While this separation-of-powers argument is just one aspect of his opinion, Justice Kennedy includes this structural aspect of habeas in the majority decision in several ways. First, he defends the Court’s enforcement of the Suspension Clause against Executive policies and legislative acts by drawing upon the constitutional accountability of each branch of government: while both the executive and legislative branches have the ability to engage in constitutional interpretation, which they presumably would do before attempting to remove the federal courts’ habeas jurisdiction, the Constitution maintains–at least in the habeas context–the judiciary’s ultimate role to declare “what the law is,” in the famous words of Marbury v. Madison.

Second, the structural role of the writ of habeas corpus as a check upon the Executive encourages Justice Kennedy’s practical, rather than formalistic, approach to the limits of habeas. Habeas corpus would not be much of a check against Executive abuses of power if the protections of habeas could be easily “contracted away,” as Kennedy notes. (This notion that habeas rights may not be cleverly contracted away is apparent in the Court’s other decision on the rights of detainees released today, Munaf v. Geren. Although Chief Justice Roberts certainly does not characterize it that way in his opinion, the Court in Munaf nonetheless rejected the Government’s formalistic argument that federal courts lacks habeas jurisdiction over U.S. citizens detained in Iraq because the U.S. forces detaining Munaf are technically part of a “multinational force.”) Justice Kennedy acknowledges the limits of the federal courts’ reach in matters of foreign sovereignty and territorial governance, but maintains that the political branches do not “have the power to switch the Constitution on or off at will.”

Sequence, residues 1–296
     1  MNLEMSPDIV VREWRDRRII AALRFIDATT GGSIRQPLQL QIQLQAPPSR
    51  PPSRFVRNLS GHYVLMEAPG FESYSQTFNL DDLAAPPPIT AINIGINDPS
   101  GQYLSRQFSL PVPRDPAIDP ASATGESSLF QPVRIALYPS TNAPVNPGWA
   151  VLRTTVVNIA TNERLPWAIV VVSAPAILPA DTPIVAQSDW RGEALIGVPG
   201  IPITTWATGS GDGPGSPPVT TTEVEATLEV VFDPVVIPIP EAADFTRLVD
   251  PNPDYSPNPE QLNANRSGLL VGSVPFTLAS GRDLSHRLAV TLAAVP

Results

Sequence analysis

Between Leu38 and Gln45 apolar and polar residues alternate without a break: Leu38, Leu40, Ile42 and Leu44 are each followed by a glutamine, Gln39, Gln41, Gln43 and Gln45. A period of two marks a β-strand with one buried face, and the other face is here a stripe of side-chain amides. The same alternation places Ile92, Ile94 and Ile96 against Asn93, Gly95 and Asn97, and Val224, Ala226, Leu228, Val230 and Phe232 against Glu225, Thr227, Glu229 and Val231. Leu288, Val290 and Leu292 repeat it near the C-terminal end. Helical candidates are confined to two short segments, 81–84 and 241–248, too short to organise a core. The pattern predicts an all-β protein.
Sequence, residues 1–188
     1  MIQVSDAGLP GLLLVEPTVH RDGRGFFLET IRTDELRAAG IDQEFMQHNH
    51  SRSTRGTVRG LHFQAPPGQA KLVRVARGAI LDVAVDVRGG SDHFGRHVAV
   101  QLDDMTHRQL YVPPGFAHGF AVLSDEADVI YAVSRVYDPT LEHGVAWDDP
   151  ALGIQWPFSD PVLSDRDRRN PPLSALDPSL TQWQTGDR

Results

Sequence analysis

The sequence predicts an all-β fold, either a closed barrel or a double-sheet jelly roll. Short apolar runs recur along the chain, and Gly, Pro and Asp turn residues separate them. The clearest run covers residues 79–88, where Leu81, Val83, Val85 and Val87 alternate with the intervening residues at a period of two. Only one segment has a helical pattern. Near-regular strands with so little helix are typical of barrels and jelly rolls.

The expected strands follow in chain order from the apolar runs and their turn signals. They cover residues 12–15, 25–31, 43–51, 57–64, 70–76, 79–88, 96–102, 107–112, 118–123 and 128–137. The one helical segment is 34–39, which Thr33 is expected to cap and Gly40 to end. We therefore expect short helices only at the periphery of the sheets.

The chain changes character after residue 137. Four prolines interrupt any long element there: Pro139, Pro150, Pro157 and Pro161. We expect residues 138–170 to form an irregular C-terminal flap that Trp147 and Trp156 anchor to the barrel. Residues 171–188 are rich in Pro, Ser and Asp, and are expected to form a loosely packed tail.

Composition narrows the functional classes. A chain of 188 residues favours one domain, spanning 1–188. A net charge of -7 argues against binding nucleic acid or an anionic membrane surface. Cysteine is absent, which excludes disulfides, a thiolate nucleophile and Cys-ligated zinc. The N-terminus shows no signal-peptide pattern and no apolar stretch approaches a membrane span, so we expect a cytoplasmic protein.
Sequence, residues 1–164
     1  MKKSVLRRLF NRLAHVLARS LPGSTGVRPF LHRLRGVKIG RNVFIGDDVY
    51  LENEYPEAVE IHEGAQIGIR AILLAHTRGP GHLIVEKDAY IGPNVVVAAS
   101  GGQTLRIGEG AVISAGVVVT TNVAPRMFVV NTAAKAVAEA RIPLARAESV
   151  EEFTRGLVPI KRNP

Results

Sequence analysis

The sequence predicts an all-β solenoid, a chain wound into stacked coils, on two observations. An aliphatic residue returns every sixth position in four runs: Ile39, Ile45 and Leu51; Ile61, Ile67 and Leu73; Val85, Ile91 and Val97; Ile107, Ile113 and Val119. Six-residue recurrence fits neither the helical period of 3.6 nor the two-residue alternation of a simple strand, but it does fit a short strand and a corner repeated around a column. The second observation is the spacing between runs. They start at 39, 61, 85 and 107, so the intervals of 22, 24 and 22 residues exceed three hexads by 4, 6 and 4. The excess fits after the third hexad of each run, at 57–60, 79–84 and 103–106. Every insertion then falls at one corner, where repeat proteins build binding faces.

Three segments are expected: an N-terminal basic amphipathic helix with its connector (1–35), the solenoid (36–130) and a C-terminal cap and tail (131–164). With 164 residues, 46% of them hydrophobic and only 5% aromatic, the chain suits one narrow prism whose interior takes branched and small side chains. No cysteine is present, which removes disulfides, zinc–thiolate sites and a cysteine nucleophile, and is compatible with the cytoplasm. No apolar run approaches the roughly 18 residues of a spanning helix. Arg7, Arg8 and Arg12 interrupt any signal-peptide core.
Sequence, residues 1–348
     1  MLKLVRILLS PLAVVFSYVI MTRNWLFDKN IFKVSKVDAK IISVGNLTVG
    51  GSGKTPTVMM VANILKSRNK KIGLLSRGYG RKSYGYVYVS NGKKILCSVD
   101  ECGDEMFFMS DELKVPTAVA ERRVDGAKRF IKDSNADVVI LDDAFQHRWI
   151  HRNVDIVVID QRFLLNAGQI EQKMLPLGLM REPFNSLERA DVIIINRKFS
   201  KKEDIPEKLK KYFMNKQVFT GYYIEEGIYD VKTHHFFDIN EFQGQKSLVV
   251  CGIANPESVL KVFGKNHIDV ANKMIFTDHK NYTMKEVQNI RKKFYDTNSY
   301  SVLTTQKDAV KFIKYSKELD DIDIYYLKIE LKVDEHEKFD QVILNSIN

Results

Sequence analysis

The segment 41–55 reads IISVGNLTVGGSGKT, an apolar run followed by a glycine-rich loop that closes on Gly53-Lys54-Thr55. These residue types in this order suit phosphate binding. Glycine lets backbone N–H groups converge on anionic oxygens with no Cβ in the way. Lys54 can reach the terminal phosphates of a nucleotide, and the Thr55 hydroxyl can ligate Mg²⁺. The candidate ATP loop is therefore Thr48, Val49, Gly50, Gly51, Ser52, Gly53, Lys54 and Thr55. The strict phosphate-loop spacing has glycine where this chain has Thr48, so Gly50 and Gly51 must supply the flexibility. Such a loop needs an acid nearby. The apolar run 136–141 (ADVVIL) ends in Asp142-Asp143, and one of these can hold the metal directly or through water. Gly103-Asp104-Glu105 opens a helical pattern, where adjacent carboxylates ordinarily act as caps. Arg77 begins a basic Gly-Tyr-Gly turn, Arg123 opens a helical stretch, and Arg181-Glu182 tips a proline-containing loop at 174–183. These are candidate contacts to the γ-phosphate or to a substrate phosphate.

Justice Scalia, of course, hotly disputes that the text and history of the Constitution confer a right to habeas corpus on “alien enemies” detained abroad “in the course of an ongoing war,” and both his dissent and that of Chief Justice Roberts assert that the Court has no purpose interfering with the decision of the White House and Congress that Guantanamo detainees have no habeas rights. However, Justice Scalia, the member of the Court who purports to be most faithful to the text and history of the Constitution, begins his dissent–in stark contrast to the majority opinion–not with a nuanced examination of the text, history, and structure of the Constitution, but with a detailed description of the “disastrous consequences” of the Court’s decision on the war on terror. Perhaps a sincere concern for these practical consequences is what animates his dissent; at any rate, his text and history arguments go nowhere.